success: function(data) {

I have the wikiLink variable set to the request URL shown above, and we’re specifying that we want to GET JSON data back from the API. If the request is successful, the data will be logged to the console for us to look at.

But, this is where we run into a problem…

Wikipedia CORS

Screenshot showing the error message returned in the console, stating that the XHR could not load due to our origin not being allowed access

If we submit the request as-is in our development environment, we get this message from the console:

XMLHttpRequest cannot load No ‘Access-Control-Allow-Origin’ header is present on the requested resource. Origin ‘http://localhost’ is therefore not allowed access.

I’m developing on a local server, so your origin may be different. But what the heck does that mean?

If you go to the API sandbox, you’ll see this blurb under the origin parameter:

When accessing the API using a cross-domain AJAX request (CORS), set this to the originating domain. This must be included in any pre-flight request, and therefore must be part of the request URI (not the POST body)...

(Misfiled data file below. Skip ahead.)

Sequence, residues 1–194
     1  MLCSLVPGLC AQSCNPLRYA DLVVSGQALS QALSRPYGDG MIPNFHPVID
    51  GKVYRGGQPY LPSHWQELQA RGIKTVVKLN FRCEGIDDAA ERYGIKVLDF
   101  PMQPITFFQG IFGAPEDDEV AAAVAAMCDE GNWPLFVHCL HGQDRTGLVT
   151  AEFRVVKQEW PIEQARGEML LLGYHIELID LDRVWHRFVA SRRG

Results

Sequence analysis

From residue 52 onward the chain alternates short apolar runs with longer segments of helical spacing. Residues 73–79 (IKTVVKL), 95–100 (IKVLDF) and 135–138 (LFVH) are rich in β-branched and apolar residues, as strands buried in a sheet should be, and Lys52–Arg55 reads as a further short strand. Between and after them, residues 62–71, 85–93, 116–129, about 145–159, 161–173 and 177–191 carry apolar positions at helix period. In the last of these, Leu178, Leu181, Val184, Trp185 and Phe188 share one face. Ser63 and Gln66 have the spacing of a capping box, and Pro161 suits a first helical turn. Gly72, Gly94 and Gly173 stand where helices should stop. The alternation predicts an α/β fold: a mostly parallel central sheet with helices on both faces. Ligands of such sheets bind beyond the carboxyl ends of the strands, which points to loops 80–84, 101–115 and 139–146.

For non-authenticated requests, specify the value *. This will cause the Access-Control-Allow-Origin header to be set, but Access-Control-Allow-Credentials will be false and all user-specific data will be restricted.

This is discussed in more detail in the CORS section of the documentation.

Upon reading this part of the documentation, we see that request URL must contain the origin parameter. Since we have a non-authenticated request (i.e. not from one of the allowed domains) we have to specify the origin with an asterisk.

But first let’s take a look at what this is saying in the context of the Chrome Developers console. When you open the Network tab and enter the XHR tab, you’ll see that the request was actually sent a 200 status back.

Screenshot showing the XHR network tab of Developer Tools